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Truck from Movie Duel

Duel was a made for television movie that originally aired in 1971, then remade for theatrical release. The movie starred Dennis Weaver as a motorist on a business trip that was being terrorized by a murderous tanker truck on a desolate stretch of road in California. The movie was directed by Steven Spielberg and was based on a short story written by Richard Matheson. Dennis Weaver drove a Plymouth Valiant and the truck from the movie Duel was a 1955 Peterbilt 281 driven by Carey Loftin.

The Duel Truck:  Peterbilt 281

The truck was carefully chosen. Spielberg went to the length of “auditioning” trucks for the role. He was not happy with the look of the flat-nosed cab-overs of the day, so a “needlenose” was chosen. He picked the 1955 Peterbilt because of its long hood, split windshield, and round headlights. He felt that these features gave the truck a “face,” making it more sinister. If you look closely, the truck had multiple license plates. Spielberg added this quirk to suggest that the truck was a serial killer who had “run down other drivers in other states.” The truck was given careful “make-up” so that it would look sooty and grimy, further increasing its sinister appearance. The face of the driver was never shown to add to the feeling that the truck itself was a murderer, not the person.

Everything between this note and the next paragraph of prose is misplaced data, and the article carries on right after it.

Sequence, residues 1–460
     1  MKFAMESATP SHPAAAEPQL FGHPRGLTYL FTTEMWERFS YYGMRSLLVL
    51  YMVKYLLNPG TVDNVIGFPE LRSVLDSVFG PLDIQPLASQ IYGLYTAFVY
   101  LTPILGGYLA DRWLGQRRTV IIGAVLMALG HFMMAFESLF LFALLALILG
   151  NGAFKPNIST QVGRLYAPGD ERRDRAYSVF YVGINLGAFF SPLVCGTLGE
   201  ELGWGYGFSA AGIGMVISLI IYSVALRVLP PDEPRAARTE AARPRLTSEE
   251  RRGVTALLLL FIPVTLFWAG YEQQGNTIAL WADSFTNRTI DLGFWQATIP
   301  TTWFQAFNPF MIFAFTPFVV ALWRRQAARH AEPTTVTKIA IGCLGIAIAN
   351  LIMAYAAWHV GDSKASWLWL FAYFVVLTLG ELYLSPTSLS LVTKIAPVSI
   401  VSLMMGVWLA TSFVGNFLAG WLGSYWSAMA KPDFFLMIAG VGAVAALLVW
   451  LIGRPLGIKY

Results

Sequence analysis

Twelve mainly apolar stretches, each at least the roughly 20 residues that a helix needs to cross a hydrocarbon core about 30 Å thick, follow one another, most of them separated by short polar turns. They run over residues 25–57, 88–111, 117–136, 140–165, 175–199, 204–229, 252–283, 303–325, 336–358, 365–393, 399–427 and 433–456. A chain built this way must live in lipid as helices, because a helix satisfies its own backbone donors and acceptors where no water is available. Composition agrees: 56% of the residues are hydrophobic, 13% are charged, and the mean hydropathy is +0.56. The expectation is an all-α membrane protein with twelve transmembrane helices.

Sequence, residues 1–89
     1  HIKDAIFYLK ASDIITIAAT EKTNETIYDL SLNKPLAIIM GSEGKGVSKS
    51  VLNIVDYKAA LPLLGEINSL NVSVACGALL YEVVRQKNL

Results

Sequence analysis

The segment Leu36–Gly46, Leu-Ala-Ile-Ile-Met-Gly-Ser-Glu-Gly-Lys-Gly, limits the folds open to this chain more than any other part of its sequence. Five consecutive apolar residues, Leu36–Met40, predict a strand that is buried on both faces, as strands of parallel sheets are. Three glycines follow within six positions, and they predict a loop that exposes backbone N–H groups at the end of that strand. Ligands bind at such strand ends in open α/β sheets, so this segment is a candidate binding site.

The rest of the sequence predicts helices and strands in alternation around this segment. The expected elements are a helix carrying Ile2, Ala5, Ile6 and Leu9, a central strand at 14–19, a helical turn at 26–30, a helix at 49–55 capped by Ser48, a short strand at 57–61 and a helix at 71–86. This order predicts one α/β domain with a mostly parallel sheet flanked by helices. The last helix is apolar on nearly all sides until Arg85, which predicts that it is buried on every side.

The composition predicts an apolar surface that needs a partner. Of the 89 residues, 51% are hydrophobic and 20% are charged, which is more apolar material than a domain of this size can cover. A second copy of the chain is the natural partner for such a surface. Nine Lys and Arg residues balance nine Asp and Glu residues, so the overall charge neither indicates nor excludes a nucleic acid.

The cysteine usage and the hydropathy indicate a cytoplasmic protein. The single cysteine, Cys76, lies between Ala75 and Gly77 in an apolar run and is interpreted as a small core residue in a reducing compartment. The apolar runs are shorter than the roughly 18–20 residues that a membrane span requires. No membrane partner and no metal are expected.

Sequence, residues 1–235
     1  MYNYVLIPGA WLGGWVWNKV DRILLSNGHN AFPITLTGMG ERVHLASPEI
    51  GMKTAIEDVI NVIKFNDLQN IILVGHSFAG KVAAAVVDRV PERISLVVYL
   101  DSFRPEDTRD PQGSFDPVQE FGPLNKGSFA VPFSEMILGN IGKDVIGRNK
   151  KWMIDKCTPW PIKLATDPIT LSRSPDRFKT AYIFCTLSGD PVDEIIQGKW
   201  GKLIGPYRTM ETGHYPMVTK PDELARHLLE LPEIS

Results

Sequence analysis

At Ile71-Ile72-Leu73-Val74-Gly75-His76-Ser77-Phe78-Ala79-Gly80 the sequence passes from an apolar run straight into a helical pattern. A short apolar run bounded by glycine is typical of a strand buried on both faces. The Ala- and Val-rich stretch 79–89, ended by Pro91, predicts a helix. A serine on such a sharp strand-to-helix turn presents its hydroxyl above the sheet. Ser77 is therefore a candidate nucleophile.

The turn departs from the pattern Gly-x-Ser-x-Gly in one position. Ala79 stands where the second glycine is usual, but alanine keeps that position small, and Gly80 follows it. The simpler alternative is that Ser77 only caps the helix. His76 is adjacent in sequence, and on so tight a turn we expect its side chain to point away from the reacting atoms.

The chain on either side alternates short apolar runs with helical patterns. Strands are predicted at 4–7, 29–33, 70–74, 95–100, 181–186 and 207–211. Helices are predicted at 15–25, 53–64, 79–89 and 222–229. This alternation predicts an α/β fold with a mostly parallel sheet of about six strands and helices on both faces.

The filmmakers only had one truck during production of the original film, so the scene of the truck falling off the cliff at the end had to be done in a single shot. When the movie was released in theaters, additional trucks were purchased to shoot the extra footage that was added, but these were 1960 Peterbilt 281’s. One of these trucks is still in existence in a private collection today. To find out more about who owns the Duel truck today, check out this article in 10-4 Magazine.

Below is a video made my one of the previous owners:

The Duel Car: Plymouth Valiant

Weaver drives a red Plymouth Valiant throughout the film. Three cars were used during filming: a 1970 model with a 318 V-8 engine and a 1971 model with a 225 Slant Six were used for the original movie, but a 1972 model with a 225 Slant Six was added for the theatrically released version. Spielberg insisted on the color of the car so that it would stand out against the desert backdrop.

Lately the movie had been airing on late-night TV, often on the channel El Rey.


About the author: Jerry Coffey


Jerry Coffey is the financial expert here at A recovered "debtaholic," he now preaches frugal-living and sound money management here and at, where he is the chief contributor. He works for a major automaker.


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